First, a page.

“Am going to take a bath now, then go to the Officers Club. We undress in our huts, put on our robes, then take our torches (flashlights to you) and guide our way to the john and bath which roughly speaking is about a short block from home. Damp from a fresh bath we again find our way to our huts. I do believe that when I get home I’ll be so used to inconveniences that I’ll only be content with a pot-bellied stove and a fireplace and I’ll have the bathroom at the other end of the lot in order to retain my memories. Ha. I would appreciate it if you would send me: 3 pr. tan hose size #10; 1 box rochelle powder [an effervescing salt containing sodium bicarbonate and rochelle salt and tartaric acid, used as a cathartic or purgative]; 1 tube ‘Joint Ease Mentholatum’; 1 Chen Yu (fairly dark) lip stick; sardines (small cans); box starch; cork screw; Creme shampoo; 2 pr rubber heels, brown; [this page is postmarked Dayton Ohio Parcel Post 16 April 1945; they had to show Lou’s request in order to send a parcel overseas!]. Do keep well and thanks a lot for keeping the letters coming, All my love, Lou”

[Attached to the letter are the lyrics to a song] “We all sing it over here”:

“I took a trip to London (do fa mi fa mi fa sol), To look around the town (fa mi sol mi re do), When I got to Piccadilly (sol la ti la ti la ti do), The sun was going down (Ti la do la sol fa); I’ve never seen such darkness (do fa mi fa mi fa sol), The night was black as pitch (fa mi sol mi re do), When suddenly in front of me (do do do do sol do do do), I thot I saw a witch (sol do ti la sol fa);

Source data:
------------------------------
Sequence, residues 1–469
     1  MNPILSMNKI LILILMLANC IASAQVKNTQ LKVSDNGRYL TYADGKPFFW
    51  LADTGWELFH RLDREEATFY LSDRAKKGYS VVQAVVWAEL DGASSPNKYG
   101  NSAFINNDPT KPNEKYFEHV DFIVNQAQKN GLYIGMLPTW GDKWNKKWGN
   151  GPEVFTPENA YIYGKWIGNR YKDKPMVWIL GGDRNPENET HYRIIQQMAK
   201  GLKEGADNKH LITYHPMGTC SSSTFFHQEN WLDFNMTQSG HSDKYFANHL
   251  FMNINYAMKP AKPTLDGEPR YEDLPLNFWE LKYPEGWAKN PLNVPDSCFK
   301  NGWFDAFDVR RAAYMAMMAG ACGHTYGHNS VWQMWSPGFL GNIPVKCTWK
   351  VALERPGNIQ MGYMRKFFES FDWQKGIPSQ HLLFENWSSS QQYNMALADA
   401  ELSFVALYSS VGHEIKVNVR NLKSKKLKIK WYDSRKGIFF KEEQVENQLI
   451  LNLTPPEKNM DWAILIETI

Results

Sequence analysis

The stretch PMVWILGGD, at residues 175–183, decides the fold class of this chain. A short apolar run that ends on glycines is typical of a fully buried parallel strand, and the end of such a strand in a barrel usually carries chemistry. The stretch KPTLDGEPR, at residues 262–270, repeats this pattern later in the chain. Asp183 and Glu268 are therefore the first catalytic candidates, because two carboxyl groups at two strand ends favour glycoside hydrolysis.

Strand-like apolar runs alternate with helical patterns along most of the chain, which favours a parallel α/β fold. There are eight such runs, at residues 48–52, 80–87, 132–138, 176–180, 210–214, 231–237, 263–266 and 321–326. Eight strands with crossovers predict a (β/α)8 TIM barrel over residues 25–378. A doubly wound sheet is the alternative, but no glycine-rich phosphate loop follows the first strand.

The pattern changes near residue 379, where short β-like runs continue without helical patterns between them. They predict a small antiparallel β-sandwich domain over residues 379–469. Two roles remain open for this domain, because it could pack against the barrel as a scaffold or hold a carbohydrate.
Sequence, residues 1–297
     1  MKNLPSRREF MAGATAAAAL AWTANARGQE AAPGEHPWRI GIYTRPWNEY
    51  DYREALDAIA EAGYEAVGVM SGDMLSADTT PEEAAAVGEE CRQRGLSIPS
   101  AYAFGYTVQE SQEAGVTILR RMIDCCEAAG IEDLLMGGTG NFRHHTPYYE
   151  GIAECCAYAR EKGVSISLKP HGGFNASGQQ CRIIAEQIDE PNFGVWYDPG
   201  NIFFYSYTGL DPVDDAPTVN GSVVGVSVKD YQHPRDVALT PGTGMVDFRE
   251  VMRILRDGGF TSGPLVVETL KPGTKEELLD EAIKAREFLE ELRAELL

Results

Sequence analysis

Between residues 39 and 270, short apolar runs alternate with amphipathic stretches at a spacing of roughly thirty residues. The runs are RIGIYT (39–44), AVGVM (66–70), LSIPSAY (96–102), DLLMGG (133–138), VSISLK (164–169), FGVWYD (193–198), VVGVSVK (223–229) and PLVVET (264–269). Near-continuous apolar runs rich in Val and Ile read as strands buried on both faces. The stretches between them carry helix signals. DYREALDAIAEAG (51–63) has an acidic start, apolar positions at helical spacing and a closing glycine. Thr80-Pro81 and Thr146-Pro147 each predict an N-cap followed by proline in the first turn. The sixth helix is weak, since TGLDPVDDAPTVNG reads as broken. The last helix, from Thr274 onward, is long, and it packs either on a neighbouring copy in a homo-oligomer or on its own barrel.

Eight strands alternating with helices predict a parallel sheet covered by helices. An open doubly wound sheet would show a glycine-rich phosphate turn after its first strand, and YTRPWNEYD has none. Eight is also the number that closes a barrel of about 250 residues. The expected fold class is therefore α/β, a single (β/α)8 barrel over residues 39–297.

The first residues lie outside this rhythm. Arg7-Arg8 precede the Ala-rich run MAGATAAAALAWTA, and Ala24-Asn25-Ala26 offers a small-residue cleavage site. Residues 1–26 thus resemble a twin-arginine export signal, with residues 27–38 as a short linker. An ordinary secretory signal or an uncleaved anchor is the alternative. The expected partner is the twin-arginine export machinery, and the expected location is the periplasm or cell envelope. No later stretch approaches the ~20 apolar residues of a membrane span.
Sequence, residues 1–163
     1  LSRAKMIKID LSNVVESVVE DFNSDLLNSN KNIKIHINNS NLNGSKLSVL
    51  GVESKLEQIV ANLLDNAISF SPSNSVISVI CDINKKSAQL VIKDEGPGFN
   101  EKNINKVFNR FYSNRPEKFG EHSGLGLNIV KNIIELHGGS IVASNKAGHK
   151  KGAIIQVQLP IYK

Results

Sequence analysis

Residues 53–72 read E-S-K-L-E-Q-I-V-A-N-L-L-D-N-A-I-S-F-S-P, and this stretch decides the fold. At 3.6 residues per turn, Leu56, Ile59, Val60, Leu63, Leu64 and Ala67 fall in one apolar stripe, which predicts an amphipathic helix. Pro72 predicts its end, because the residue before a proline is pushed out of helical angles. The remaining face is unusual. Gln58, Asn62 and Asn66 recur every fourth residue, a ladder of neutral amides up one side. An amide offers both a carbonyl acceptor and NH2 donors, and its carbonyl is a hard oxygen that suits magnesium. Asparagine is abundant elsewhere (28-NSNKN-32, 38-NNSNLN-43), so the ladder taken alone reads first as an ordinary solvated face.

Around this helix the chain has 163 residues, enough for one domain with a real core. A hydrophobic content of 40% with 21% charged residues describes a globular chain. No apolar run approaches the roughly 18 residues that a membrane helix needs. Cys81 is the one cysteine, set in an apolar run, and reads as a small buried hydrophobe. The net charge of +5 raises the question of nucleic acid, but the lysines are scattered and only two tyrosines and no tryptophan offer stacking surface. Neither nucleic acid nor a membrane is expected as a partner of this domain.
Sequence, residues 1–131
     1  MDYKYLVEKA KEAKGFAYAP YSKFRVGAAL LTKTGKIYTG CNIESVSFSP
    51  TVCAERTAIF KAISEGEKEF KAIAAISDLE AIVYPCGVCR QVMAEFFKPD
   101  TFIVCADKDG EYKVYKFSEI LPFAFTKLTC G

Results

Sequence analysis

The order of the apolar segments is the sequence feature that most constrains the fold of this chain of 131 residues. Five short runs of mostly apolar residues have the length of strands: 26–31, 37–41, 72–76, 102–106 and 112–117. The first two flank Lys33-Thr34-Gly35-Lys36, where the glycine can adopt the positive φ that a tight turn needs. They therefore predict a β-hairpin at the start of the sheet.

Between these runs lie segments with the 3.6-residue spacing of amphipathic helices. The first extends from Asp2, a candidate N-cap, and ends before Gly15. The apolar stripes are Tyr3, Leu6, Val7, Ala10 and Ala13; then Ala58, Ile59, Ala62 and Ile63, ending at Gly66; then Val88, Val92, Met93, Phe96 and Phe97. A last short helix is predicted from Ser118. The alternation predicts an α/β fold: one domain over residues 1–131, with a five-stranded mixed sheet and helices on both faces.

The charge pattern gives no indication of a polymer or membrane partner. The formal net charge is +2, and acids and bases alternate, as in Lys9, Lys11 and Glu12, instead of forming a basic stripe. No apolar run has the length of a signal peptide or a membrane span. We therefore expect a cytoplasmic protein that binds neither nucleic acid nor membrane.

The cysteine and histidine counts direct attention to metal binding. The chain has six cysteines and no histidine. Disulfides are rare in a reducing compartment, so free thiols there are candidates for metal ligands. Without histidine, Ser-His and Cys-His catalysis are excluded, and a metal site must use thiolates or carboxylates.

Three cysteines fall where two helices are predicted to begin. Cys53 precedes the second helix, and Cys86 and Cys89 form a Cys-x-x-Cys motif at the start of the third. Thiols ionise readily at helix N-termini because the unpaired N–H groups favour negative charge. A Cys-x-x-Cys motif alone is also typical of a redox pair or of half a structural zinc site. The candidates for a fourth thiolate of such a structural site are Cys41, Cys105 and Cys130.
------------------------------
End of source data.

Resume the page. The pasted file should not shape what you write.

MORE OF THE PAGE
CHORUS: Oh it was Lilly from Piccadilly (do re mi fa la sol# la #sol sol do), You know the one I mean (do do re la #sol la); I’ll spend each pay day (do re mi fa la), that’s my hey hey day (#sol la #sol #sol do/hi do), With Lilly, my black-out Queen (do/hi do do do ti la sol re). [seven more verses follow]

Luella Lorenz Cochran

US Troops enter Germany...Letters from France ...

Due to censorship restrictions, Luella’s letters continued to make no mention of the war’s progress nor her long hours on nursing duty.

On 28 February, U.S. tanks broke through Germany’s natural defense line west of the Rhine by crossing the Erft River; on 1 March a US infantry regiment captured Mönchen Gladbach; on 2 March, units of the U.S. 9th Army reached the Rhine River opposite Düsseldorf; on 5 March, the U.S. 7th Army Corps captured Cologne; on 7 March U.S. troops crossed the Bridge at Remagen over the Rhine River. On 7 March, “clothing was issued prior to the Channel crossing”, and on 12 March, the 125th Evacuation Hospital departed Tenby by train and embarked from Southampton, England, for Le Havre, France, via the English Channel. Luella’s memoirs include brief details,